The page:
Wednesday, January 25, 2006

diffpatch: An Alternative to the Unix Programs

First, some background:

"The standard Unix tools diff and patch are used to find the differences between text files and to apply the differences. These tools operate on a line by line basis using well-studied methods for computing the longest common subsequence (LCS)."

My own diffpatch program in REALbasic (written about two years ago) does not use "well-studied methods for computing the longest common subsequence (LCS)," but it can be "used to find the differences between text files and to apply the differences" and it does "operate on a line by line basis."

Here's a description of "How diff and patch Work":

"The diff program compares two versions of a document, generating a set of differences that reflect the changes that need to be applied to the old document to make it identical to the new document.... The set of differences can be transported to someone who has the original copy of the document. By running the patch program, the document contents can be updated to the new version...."

The output of a diff program may have a variety of formats, but the three most common are normal, context, and unified. I wrote a REALbasic program that can handle (not the creating of, but) the applying of at least two of those three UNIX-style formats. That is, I wrote a program that is a patch program in RB: it requires a UNIX-style program to create the file indicating the differences, but once that file has been created, it can apply that file to the original document to update the contents of that document.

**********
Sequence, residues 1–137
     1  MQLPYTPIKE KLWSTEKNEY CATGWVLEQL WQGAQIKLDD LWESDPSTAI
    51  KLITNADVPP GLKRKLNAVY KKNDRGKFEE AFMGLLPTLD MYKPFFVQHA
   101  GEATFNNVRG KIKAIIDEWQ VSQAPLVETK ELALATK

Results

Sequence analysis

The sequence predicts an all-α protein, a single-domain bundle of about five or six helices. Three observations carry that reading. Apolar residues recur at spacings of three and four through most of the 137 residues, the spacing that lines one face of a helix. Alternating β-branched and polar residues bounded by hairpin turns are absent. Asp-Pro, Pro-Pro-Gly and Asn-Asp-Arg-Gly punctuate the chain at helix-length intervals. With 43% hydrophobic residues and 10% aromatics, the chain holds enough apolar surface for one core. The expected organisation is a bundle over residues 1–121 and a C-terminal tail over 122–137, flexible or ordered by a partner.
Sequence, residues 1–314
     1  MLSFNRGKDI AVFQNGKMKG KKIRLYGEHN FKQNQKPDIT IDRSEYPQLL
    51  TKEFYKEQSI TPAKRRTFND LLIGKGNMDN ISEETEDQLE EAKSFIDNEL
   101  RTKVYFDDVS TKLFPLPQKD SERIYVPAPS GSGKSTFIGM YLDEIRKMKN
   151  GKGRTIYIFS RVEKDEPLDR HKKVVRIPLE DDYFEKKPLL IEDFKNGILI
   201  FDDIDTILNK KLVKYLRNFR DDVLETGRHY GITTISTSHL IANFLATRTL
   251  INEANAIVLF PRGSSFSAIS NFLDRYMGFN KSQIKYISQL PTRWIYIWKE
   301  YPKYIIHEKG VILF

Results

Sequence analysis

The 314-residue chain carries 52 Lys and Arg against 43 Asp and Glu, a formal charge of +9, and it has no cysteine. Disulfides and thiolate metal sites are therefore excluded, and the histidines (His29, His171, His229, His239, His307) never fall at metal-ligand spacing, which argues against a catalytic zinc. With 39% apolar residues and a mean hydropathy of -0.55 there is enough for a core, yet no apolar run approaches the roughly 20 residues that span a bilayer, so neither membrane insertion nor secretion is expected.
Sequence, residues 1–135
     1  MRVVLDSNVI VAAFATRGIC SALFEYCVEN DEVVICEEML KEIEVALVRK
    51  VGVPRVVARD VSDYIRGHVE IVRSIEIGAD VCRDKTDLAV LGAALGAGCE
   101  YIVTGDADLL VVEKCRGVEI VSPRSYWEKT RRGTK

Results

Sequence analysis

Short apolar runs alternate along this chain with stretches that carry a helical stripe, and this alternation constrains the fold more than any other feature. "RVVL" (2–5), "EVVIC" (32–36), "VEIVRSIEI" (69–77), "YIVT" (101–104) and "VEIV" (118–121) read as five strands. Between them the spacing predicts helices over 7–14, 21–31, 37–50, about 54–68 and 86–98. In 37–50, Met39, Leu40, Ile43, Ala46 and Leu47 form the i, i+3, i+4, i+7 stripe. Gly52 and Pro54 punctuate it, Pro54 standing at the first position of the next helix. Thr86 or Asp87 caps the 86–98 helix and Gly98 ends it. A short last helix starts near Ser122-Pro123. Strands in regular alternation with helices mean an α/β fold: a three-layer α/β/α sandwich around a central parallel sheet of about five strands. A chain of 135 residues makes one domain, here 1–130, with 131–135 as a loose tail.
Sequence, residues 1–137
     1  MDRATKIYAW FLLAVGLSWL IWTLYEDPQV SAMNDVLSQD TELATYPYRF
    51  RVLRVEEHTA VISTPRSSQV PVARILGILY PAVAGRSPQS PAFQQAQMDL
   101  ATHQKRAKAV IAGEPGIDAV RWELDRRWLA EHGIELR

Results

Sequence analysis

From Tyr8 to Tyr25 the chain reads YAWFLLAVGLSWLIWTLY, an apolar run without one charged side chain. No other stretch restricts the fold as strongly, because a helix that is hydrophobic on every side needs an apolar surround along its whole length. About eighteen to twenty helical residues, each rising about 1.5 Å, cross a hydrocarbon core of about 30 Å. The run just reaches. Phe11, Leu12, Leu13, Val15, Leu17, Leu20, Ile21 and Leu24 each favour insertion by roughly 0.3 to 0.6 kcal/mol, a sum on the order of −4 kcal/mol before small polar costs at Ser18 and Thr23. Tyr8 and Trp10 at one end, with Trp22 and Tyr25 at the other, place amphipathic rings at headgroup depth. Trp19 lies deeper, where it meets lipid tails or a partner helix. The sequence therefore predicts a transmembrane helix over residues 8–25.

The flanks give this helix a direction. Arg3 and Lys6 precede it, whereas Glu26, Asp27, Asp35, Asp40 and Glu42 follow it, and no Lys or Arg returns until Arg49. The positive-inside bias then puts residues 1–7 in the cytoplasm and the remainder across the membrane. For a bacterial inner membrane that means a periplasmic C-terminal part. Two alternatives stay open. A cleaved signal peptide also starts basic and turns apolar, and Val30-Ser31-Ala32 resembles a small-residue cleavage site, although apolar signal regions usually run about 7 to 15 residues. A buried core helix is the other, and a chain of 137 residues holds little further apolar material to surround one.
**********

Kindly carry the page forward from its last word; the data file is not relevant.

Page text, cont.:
I wrote these two programs primarily as an RB novice because (rightly or wrongly) I understood someone to be telling me that I couldn't do it. He was correct in that I knew nothing about the "well-studied methods for computing the longest common subsequence (LCS)," but even though I didn't know enough to be able to write a really efficient diff program, it was simple to write a patch program to update documents using those UNIX-style difference files and fun writing my own diffpatch program with my own format.

How does my format (used in diffpatch) differ from the UNIX files? The significant thing (if there is any) is that my format does not include any lines from the original document. What this means is that if the original document is copyrighted by someone else, then I can publicly post my own updates and modifications without getting into trouble for violation of copyright. (Text files that can be updated, for example, include HTML files - such as are found in the Language Reference - and XML files - such as the format in which RB Projects can be saved.)

I haven't tracked down my patch program yet (the one that handles at least two of the UNIX formats), but I have made available my diffpatch program (look for it in the usual place). It is rather limited in its practical usefulness, but it was an interesting program to write, and you may find it to be of interest also, even if only as a "curiosity piece."

Barry Traver

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